October 15, 2015
For Immediate Release:
Today, before a federal judge in the U.S. District Court in Washington, DC, and the attorneys for OCM, OIG reconfirmed their commitment to produce thousands of documents related to the 2013-2014 audit report. This assurance was issued today during a status hearing a little more than a year after the Organization for Competitive Markets (OCM) filed a complaint for injunctive relief in U. S. District Court for the District of Columbia demanding the Office of Inspector General for the U.S. Department of Agriculture make a final determination and release all required records related to a 2013 FOIA (Freedom of Information Act) request regarding Beef Checkoff audit reports.
The legal action stems from a long struggle by OCM to obtain the truth about an OIG Beef Checkoff audit begun in February 2011. The audit was presumably prompted by the disturbing findings of a Clifton Gunderson Accounting Firm performance review commissioned by the Cattlemen’s Beef Board. After examining the equivalent of a mere nine days of activity, irregularities were uncovered which resulted in NCBA having to return more than $200,000. These numerous irregularities included improper payment for such things as spousal travel and private loans.
More than two years after beginning its investigation–and after generating more than 3,000 pages of report drafts–OIG released a scant, seventeen-page report that appeared wholly irreconcilable with the Clifton Gunderson findings. Remarkably and to the contrary, it stated; “The Office of Inspector General (OIG) determined that the relationships between the Cattlemen’s Beef Promotion and Research Board (beef board) and other industry-related organizations…complied with legislation,” This shocking statement was later removed from the report without explanation.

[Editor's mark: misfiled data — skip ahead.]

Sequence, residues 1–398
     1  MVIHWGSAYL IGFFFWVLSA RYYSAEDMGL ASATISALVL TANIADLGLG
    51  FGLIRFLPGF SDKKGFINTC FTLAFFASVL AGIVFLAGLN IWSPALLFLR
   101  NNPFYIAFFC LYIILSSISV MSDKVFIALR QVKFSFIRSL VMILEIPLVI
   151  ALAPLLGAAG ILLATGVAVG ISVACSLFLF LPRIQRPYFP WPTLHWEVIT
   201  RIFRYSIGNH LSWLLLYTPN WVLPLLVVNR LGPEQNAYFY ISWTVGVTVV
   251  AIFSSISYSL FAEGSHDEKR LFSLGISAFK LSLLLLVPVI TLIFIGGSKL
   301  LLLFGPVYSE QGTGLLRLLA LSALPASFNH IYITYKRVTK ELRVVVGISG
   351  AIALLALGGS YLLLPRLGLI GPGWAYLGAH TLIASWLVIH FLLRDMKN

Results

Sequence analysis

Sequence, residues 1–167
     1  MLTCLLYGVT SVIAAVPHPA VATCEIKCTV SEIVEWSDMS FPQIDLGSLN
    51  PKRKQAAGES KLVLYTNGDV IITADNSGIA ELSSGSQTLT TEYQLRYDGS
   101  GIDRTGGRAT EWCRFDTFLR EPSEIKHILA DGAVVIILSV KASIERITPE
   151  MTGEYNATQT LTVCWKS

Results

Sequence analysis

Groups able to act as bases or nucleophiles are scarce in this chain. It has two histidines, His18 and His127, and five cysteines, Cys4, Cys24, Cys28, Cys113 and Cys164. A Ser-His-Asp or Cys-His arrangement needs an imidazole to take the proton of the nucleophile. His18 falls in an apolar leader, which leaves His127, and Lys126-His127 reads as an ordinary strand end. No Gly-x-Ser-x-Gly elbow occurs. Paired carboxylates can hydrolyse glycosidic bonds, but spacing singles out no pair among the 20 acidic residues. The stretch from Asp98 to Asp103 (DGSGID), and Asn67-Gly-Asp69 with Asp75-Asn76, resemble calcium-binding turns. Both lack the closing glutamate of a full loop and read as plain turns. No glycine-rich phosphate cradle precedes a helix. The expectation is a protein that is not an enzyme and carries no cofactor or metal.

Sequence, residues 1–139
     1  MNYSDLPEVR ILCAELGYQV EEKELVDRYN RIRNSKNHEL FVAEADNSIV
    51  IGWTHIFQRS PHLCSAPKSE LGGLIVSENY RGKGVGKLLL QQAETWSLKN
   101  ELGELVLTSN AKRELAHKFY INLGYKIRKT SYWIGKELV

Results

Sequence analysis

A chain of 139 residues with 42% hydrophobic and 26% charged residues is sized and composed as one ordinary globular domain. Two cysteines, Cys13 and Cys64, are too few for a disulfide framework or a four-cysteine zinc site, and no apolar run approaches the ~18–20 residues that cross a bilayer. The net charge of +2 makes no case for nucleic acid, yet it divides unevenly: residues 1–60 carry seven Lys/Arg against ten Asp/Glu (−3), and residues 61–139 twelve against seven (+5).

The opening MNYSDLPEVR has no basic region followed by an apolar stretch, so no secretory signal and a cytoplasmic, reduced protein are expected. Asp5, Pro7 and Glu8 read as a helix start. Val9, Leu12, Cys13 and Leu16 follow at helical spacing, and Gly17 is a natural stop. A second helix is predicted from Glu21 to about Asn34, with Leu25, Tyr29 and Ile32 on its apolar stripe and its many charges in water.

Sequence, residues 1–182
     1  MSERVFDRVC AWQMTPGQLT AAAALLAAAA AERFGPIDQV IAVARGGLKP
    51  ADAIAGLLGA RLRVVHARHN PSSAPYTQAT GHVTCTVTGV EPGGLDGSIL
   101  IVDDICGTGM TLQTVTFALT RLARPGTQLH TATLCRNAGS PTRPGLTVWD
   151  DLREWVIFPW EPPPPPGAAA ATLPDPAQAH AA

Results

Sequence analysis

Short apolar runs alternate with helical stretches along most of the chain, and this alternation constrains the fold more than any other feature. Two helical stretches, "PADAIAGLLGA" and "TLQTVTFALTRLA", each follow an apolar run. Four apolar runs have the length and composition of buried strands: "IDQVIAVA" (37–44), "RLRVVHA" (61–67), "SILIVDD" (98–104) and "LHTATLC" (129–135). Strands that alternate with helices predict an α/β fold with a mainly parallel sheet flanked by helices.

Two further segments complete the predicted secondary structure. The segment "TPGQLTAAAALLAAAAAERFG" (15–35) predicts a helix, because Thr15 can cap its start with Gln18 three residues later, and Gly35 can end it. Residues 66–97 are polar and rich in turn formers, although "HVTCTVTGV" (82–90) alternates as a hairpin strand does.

Unaddressed in the report was the glaring and fundamental conflict of interest created by NCBA having iron-fisted control of the Checkoff contract awarding process and using this control to consistently award more than 90% of the contracts to itself.
“As I have said before, there is no doubt that NCBA has been empowered by the some $50 million it has received annually for two decades now, and has used its resulting influence to promote the interests of global meat packers and big retailers against the interests of Checkoff-paying cattlemen,” explained Fred Stokes, OCM member. “Today, we are pleased that the court continues to monitor the progress of our quest for the truth,” he concluded.
Attorneys for the Humane Society of the United States (HSUS) filed the complaint in the United States District Court for the District of Columbia. HSUS attorneys are providing representation in furtherance of their work to reform the Beef Checkoff on behalf of organizations like OCM and to prevent misuses of the program for activities detrimental to animal welfare.
For a copy of the official complaint and or media inquiries, contact: